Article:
It has become increasingly clear that gut bacteria play a big role in one’s health, potentially improving or damaging it depending on one’s diet and other factors. A new study out of Japan has linked gut bacteria to sleep quality, finding that people who have a messed up profile — such as from recent antibiotic use — may suffer from poor sleep as a result.
The study comes from the University of Tsukuba, where researchers studied the effects of antibiotics and gut bacteria changes on sleep using mice. One group of mice was dosed with strong antibiotics for a week in order to kill off their gut bacteria; a different control group of mice didn’t receive the antibiotics.
Of note, gut bacteria play an important role in breaking down food into metabolites, the profile of which was found to be significantly different in the mice given antibiotics compared to the control mice. Among other things, the mice were missing around 60 common metabolites.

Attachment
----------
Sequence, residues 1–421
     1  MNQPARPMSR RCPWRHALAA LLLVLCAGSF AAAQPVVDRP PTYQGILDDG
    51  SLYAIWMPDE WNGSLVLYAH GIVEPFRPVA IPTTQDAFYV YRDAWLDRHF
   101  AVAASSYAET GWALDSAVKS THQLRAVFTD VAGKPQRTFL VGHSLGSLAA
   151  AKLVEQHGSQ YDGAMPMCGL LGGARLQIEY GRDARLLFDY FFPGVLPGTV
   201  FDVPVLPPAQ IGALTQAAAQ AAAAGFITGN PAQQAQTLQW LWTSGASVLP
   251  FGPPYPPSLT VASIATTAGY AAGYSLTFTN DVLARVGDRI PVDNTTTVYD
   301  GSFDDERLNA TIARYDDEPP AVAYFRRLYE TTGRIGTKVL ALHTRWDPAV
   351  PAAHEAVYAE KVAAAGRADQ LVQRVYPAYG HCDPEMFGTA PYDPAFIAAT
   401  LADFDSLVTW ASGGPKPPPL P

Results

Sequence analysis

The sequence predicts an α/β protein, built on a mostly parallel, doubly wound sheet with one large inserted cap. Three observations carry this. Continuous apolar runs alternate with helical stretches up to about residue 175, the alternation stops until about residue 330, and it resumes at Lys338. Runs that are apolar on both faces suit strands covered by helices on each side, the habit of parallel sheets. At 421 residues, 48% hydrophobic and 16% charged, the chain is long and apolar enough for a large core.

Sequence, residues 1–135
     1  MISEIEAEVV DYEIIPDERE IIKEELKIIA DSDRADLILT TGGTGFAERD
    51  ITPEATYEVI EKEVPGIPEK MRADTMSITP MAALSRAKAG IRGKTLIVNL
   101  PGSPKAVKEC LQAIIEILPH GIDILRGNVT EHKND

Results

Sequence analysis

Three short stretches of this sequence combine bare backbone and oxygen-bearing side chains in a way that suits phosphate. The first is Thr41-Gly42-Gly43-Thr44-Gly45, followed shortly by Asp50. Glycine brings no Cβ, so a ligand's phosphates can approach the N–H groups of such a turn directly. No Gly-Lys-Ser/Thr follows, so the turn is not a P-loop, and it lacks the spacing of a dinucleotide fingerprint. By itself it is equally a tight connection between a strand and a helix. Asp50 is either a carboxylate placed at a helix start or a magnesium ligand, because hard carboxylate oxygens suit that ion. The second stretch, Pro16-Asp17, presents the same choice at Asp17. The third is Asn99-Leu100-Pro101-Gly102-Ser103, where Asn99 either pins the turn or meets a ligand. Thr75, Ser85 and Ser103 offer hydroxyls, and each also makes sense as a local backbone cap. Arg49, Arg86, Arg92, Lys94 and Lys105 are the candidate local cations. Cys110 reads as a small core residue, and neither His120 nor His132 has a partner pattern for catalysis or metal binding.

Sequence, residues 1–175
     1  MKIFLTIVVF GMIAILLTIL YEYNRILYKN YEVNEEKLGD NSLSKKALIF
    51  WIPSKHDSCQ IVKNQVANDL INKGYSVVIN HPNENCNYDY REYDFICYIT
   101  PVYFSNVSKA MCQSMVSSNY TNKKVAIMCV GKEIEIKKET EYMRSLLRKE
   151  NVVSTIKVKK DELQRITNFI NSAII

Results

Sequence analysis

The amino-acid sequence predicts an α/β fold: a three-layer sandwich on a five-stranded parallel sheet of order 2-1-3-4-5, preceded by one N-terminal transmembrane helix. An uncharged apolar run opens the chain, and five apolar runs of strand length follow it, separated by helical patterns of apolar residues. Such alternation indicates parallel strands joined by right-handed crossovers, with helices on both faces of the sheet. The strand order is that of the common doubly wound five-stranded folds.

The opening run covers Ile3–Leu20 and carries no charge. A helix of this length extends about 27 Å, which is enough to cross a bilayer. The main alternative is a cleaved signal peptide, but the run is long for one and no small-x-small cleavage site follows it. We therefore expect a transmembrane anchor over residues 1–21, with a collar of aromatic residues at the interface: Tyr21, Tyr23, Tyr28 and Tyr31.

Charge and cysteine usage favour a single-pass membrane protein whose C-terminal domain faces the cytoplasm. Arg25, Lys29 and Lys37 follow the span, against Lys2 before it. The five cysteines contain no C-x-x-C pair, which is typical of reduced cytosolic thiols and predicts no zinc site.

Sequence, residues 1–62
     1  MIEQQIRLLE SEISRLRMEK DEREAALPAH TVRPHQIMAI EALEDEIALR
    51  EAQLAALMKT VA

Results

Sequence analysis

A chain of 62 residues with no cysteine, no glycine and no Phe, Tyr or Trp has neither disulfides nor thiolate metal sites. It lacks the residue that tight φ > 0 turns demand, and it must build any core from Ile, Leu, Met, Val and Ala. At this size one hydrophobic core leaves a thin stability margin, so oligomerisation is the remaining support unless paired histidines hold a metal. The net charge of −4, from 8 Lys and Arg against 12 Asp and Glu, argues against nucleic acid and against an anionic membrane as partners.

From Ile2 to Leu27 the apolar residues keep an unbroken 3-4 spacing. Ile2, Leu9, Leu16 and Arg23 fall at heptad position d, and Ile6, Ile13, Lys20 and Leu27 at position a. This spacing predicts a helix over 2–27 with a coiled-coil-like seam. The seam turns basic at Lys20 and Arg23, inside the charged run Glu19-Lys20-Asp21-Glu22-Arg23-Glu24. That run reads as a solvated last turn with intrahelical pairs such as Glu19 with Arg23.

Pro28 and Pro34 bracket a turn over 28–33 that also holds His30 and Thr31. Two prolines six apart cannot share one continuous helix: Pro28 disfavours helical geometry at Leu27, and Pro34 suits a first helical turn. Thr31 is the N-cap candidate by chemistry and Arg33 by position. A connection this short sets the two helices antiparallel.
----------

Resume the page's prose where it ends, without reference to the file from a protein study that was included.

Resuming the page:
By analyzing the metabolites and the role they play in the body, the researchers found that the antibiotics predominately impacted the processes involved in producing neurotransmitters. The mice given antibiotics were found to have low vitamin B6 levels, which play a role in the production of neurotransmitters, as well as high tryptophan levels.
Tryptophan is a precursor to the neurotransmitter serotonin, which — despite the high tryptophan levels — was found to be near zero in these mice. The findings indicate that antibiotics may trigger changes in the body that impair the tryptophan-to-serotonin pathway.
As part of the study, the scientists used EEGs to monitor the rodents’ brain activity, finding that the antibiotic mice got more sleep during what would typically be their active period of the day and less non-REM sleep during the hours they would typically sleep.
The study notes that the antibiotic-triggered changes that led to a lack of serotonin then spilled over to impacting sleep, resulting in trouble sleeping. The researchers suggest that changing one’s diet to alter one’s gut bacteria profile may trigger changes that help resolve sleep troubles — though, of course, that depends on the reason for poor sleep quality.